Pre-Term Births are Increasing in the United States, According to March of Dimes

According to a report released this week by the nonprofit March of Dimes, the number of premature newborns is increasing across the nation and reached 10.5% of live births last year.

The nation received a D+ overall on the organization’s 2022 Report Card, down from a C- the year before.

According to the data, the nation’s preterm birth rate increased by 4% from 2020 to last year, reaching its highest level since 2007. Preterm births increased, according to statistics from the National Center for Health Statistics, in 45 states, Washington, D.C., and Puerto Rico.

Vermont was the only state to receive an A from March of Dimes. Other states that obtained B grades were California, Oregon, New Hampshire, and Massachusetts.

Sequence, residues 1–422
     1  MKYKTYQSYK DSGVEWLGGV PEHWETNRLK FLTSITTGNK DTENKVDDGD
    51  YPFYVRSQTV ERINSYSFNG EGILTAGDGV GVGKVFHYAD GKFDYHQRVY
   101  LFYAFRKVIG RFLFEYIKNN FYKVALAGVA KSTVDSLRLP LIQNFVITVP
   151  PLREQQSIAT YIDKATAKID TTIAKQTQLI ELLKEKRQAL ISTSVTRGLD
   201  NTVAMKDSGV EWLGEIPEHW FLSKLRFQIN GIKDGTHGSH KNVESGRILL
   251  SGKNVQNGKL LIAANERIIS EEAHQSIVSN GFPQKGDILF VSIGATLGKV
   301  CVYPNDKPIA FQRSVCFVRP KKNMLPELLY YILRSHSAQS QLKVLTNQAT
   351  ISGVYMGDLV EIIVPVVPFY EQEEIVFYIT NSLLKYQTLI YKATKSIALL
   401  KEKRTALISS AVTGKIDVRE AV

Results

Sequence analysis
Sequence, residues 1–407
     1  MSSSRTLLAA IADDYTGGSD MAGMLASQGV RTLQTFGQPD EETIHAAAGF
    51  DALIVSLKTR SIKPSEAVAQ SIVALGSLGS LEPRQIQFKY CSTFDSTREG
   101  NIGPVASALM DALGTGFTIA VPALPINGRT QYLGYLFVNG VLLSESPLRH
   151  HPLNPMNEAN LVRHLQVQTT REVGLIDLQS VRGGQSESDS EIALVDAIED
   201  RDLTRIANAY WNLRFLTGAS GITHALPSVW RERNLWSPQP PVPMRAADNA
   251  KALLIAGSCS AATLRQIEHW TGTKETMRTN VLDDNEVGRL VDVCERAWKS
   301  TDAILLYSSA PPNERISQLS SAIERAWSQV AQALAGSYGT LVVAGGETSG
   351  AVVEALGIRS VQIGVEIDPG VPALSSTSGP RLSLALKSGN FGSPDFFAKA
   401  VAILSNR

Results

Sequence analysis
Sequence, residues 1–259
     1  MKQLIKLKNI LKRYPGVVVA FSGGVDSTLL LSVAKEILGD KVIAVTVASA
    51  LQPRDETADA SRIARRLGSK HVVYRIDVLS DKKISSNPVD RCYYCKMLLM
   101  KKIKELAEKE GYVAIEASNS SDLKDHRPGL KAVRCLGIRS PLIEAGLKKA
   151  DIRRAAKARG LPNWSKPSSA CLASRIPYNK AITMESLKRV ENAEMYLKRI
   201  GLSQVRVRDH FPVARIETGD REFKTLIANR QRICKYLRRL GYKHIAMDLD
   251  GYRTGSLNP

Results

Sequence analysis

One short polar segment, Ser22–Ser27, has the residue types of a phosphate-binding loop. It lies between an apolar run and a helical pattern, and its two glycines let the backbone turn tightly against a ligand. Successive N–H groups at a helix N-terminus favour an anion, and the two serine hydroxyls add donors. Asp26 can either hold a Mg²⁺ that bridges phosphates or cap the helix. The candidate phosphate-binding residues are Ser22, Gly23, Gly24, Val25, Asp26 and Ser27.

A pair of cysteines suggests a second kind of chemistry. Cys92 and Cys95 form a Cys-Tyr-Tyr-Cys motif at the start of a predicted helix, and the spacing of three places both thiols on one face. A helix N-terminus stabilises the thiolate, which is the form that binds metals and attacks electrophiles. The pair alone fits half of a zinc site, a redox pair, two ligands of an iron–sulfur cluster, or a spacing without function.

“Unfortunately, one of the least safe places to give birth and have a baby is our country. In addition, there are legislative options available to help address some of the issues we’re facing, according to Zsakeba Henderson, MD, senior vice president and acting chief medical and health officer of March of Dimes.

According to Henderson, there are “vast discrepancies” in preterm birth rates, and the states with the biggest concentrations of mothers who are “of colour, American Indian, or Alaska Native descent, for example, get the lowest scores.””

According to the study, babies born to Black and Native American mothers are 62% more likely to be born prematurely than babies delivered to white women.

The average pregnancy lasts 40 weeks; any that end before 37 weeks is referred to as “preterm.”

Henderson added, “And we know that to completely make a difference in the outcomes generally in our country, we have to lower the disparity gaps and eradicate these disparity gaps… in preterm birth and maternal health outcomes that we see.”

The mother’s age, if she has particular medical concerns, whether she is expecting numerous children, and whether she has previously given birth prematurely are all factors that affect premature births, according to the expert.

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